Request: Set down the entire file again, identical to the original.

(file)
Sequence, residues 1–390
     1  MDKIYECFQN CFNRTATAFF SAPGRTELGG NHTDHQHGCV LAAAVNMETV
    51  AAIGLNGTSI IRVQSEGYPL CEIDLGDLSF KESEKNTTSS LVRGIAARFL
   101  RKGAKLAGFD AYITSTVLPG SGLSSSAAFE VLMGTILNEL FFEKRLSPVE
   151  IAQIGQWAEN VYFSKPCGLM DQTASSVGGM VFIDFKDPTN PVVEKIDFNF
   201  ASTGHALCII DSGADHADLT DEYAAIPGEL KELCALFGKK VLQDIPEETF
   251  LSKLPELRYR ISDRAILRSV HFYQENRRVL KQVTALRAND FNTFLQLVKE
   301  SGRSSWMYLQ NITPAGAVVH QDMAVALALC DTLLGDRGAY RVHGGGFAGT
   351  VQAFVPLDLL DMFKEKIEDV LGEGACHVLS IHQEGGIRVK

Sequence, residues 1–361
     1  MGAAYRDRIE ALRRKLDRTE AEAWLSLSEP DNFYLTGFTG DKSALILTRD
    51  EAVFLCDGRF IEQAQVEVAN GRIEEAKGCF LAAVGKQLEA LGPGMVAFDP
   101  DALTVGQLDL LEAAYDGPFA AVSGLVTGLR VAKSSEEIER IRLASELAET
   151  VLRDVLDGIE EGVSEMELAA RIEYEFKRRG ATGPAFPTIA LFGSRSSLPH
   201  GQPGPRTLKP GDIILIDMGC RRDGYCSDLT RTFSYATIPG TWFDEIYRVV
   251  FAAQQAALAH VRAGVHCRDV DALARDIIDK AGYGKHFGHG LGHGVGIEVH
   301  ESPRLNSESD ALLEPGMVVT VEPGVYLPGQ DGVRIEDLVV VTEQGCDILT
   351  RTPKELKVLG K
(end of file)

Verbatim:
Sequence, residues 1–390
     1  MDKIYECFQN CFNRTATAFF SAPGRTELGG NHTDHQHGCV LAAAVNMETV
    51  AAIGLNGTSI IRVQSEGYPL CEIDLGDLSF KESEKNTTSS LVRGIAARFL
   101  RKGAKLAGFD AYITSTVLPG SGLSSSAAFE VLMGTILNEL FFEKRLSPVE
   151  IAQIGQWAEN VYFSKPCGLM DQTASSVGGM VFIDFKDPTN PVVEKIDFNF
   201  ASTGHALCII DSGADHADLT DEYAAIPGEL KELCALFGKK VLQDIPEETF
   251  LSKLPELRYR ISDRAILRSV HFYQENRRVL KQVTALRAND FNTFLQLVKE
   301  SGRSSWMYLQ NITPAGAVVH QDMAVALALC DTLLGDRGAY RVHGGGFAGT
   351  VQAFVPLDLL DMFKEKIEDV LGEGACHVLS IHQEGGIRVK

Sequence, residues 1–361
     1  MGAAYRDRIE ALRRKLDRTE AEAWLSLSEP DNFYLTGFTG DKSALILTRD
    51  EAVFLCDGRF IEQAQVEVAN GRIEEAKGCF LAAVGKQLEA LGPGMVAFDP
   101  DALTVGQLDL LEAAYDGPFA AVSGLVTGLR VAKSSEEIER IRLASELAET
   151  VLRDVLDGIE EGVSEMELAA RIEYEFKRRG ATGPAFPTIA LFGSRSSLPH
   201  GQPGPRTLKP GDIILIDMGC RRDGYCSDLT RTFSYATIPG TWFDEIYRVV
   251  FAAQQAALAH VRAGVHCRDV DALARDIIDK AGYGKHFGHG LGHGVGIEVH
   301  ESPRLNSESD ALLEPGMVVT VEPGVYLPGQ DGVRIEDLVV VTEQGCDILT
   351  RTPKELKVLG K